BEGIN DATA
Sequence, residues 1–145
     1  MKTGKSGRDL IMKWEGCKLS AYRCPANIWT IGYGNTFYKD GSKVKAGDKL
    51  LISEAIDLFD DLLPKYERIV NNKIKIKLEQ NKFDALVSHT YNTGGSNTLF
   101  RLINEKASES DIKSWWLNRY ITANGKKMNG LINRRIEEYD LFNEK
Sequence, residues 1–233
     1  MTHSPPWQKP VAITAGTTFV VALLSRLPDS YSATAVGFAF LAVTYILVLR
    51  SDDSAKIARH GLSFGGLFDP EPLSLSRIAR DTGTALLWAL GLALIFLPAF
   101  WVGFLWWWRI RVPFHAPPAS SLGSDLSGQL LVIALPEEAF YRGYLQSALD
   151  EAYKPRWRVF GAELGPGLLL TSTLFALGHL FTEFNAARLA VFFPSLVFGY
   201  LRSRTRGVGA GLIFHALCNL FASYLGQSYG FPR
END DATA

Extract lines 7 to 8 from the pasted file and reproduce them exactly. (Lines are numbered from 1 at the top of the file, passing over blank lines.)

    51  SDDSAKIARH GLSFGGLFDP EPLSLSRIAR DTGTALLWAL GLALIFLPAF
   101  WVGFLWWWRI RVPFHAPPAS SLGSDLSGQL LVIALPEEAF YRGYLQSALD